Wednesday, April 22, 2015

Prepare Your Pet for a Disaster -- Here's How #FoodShelterLove

This post was sponsored by Hill's®. I am being compensated for helping spread the word about Hill's® Food, Shelter, and Love™ program, but Catladyland only shares information we feel is relevant to our readers. Hill's Nutrition, Inc. is not responsible for the content of this article.

I admit it: I don't have an evacuation plan for the humans or felines in my family. We live in the upper Midwest, where there's moderate danger for tornadoes, but that's the only type of natural disaster we may face here. I'm not saying tornadoes aren't a worry -- a few times we've all gathered in the lower-level bathroom with the kids and cats, listening to that awful-sounding tornado alarm wailing outside. Thankfully, we've never been affected by such a disaster, but part of an entire neighborhood 20 minutes from my house was leveled by a twister, and there were human and animal deaths. So yeah, I need to take this kind of thing more seriously than I do.

I want to keep my human and feline kids safe!

FEMA's National Pet Disaster Preparedness Day is May 9, so this is perfect timing for me to get my act together! In addition your emergency kit for the people in your home, Hill's® recommends the following seven tips to ensure your pet's safety in an emergency.

  • Make sure your pet has an up-to-date ID collar or microchip.
  • Prepare a "Pet Emergency Go-Kit" that includes the following: a first aid kit and guide book; a three-day supply of pet food in a waterproof container; bottled water; safety harness and leash; waste clean-up supplies; medications and medical records; a contact list of veterinarians and pet care organizations; information on your pet's behavioral issues and feeding routine; comfort toys and a blanket.
  • Display a pet rescue decal on your front door so first responders will know a pet lives in the home. Include veterinarian contact information.
  • Learn where your pets like to hide so you can more easily find them during an emergency.
  • Research locations you can take your pets in you have to evacuate. Keep in mind some emergency shelters only allow humans. Look into hotels and motels that are pet-friendly and identify friends and family who agree to help you.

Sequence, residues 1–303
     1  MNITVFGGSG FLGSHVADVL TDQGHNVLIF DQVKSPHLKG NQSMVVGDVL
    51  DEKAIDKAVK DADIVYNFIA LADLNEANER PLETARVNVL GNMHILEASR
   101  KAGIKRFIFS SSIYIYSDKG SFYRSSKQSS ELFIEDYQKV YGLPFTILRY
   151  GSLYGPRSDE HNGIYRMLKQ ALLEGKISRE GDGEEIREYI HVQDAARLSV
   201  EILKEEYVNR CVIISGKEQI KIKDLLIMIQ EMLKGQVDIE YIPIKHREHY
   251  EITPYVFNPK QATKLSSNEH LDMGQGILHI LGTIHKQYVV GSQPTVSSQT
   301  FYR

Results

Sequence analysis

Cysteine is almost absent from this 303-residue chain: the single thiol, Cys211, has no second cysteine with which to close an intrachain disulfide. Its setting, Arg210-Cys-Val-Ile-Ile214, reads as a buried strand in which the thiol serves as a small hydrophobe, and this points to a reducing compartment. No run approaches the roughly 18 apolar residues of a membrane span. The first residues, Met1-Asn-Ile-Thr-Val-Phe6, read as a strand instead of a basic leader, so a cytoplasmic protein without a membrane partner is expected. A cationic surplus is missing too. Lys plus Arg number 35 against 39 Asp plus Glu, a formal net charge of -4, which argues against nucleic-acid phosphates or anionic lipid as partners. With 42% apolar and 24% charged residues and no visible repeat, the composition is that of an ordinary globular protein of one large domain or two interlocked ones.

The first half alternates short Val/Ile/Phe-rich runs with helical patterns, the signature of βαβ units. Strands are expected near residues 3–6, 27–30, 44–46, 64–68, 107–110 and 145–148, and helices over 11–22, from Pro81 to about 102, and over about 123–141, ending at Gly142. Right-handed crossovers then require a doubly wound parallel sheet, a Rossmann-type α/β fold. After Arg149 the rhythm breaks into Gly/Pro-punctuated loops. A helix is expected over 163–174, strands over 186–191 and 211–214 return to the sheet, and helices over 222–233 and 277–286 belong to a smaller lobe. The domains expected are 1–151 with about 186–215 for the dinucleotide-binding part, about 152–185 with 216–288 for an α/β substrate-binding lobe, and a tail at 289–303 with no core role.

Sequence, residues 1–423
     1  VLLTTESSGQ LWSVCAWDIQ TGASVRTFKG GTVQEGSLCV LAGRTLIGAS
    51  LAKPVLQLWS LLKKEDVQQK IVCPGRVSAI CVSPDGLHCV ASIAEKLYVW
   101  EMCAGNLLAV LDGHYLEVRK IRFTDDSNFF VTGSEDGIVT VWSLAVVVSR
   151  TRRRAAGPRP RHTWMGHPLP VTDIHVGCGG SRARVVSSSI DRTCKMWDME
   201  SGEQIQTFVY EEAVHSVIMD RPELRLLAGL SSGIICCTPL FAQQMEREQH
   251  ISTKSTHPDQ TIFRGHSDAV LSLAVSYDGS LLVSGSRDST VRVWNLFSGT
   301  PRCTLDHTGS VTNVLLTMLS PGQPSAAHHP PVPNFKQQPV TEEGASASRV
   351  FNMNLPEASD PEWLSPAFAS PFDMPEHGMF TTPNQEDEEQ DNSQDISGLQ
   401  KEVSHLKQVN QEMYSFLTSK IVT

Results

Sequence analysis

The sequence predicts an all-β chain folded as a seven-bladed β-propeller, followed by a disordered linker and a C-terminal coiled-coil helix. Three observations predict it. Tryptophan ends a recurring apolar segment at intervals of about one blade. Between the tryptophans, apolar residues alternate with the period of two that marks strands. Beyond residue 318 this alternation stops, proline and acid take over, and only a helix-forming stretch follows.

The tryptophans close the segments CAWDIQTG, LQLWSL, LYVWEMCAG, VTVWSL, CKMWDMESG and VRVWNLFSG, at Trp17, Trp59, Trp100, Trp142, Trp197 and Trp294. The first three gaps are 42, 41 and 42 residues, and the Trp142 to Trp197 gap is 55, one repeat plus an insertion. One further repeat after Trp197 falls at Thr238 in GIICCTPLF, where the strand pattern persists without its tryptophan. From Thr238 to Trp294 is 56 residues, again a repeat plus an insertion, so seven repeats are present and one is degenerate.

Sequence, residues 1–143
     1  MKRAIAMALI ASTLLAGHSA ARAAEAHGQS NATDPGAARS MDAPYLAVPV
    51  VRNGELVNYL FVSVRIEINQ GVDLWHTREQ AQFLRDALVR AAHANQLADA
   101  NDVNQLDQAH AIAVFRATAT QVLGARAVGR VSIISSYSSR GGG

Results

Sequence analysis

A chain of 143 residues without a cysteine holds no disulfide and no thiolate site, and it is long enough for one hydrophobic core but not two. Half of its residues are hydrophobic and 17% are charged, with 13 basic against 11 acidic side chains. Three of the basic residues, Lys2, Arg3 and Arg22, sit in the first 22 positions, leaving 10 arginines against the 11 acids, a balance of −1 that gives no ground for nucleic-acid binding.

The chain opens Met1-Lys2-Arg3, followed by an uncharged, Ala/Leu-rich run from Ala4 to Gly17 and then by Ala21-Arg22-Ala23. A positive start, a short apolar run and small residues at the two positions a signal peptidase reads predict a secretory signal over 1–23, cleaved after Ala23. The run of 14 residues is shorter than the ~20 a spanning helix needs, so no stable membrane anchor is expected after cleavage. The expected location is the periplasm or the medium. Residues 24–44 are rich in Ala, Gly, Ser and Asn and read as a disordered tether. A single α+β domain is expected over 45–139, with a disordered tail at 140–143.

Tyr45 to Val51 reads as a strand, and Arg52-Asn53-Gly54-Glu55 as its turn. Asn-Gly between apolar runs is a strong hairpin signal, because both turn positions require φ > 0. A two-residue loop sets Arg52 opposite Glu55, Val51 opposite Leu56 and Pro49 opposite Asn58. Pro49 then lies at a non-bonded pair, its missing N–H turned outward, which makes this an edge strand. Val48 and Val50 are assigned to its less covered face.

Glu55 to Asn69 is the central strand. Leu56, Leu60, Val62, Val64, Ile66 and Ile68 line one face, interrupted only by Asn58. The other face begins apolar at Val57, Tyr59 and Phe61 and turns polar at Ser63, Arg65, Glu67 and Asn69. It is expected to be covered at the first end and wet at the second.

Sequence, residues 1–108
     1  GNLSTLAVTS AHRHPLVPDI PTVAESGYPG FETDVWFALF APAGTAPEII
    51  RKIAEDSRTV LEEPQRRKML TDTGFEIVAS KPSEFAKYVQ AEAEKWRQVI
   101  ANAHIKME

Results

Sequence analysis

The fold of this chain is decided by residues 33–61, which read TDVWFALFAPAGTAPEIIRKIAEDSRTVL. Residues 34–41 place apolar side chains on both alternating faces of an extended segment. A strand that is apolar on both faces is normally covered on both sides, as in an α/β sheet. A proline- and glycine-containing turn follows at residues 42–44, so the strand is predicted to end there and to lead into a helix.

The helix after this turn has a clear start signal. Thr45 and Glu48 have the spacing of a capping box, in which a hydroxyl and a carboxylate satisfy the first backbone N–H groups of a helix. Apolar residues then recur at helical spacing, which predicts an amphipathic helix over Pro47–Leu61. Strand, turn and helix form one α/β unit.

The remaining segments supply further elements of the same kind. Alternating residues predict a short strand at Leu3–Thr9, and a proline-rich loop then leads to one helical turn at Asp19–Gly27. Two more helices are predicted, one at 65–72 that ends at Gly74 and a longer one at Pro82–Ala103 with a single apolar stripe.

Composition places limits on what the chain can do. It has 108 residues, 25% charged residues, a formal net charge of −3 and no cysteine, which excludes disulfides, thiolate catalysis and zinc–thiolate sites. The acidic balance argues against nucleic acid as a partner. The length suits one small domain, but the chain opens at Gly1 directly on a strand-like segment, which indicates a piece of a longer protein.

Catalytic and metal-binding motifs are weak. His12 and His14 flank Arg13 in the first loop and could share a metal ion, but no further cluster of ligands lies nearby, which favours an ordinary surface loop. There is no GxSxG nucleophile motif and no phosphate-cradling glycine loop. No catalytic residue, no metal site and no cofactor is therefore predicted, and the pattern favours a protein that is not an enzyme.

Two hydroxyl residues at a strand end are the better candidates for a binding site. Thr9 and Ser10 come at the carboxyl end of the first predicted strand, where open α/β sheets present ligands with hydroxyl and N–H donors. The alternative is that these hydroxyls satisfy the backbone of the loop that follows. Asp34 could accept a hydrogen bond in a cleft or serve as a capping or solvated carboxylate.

• Carry a photo of your pets in case of separation.
  • If you must evacuate, consider taking carriers and crates so your pets will be safe and contained. 
We leave a carrier out so our cats won't be afraid of them.

During a disaster, animal shelter staff are already overwhelmed when disaster strikes in their area. In addition to the animals they're responsible for keeping safe and healthy, they often find themselves a haven for pets who've been separated from their people.

In 2013, Hill's created a first-of-its-kind disaster relief program aimed specifically at animal shelters. It's called Hill's Disaster Relief Network, ad it's an extension of their Food, Shelter & Love program. Since its inception, the network has delivered free food (like Science Diet Adult Optimal Care) to 50 shelters and veterinary clinics across the country in response to 11 major incidents, including the floods in Colorado, fires in Idaho and Arizona, tornadoes in Oklahoma and Kansas, the fertilizer plant explosion in Waco, TX. Most recently they've provided relief during the mudslides in Washington and tornadoes in the central south regions of the US.

The program is poised to respond in a moment's notice to provide healthy nutrition to shelter animals affected by disaster -- both the ones originally living at the shelter, as well as the pets who are anxiously waiting to reunite with their people.

Hill's Media Tour to talk about disaster preparedness kicks off May 7. This is good news because the more educated we can be when it comes to preparing for tragic events, the better we can keep the ourselves and our pets safe and healthy.

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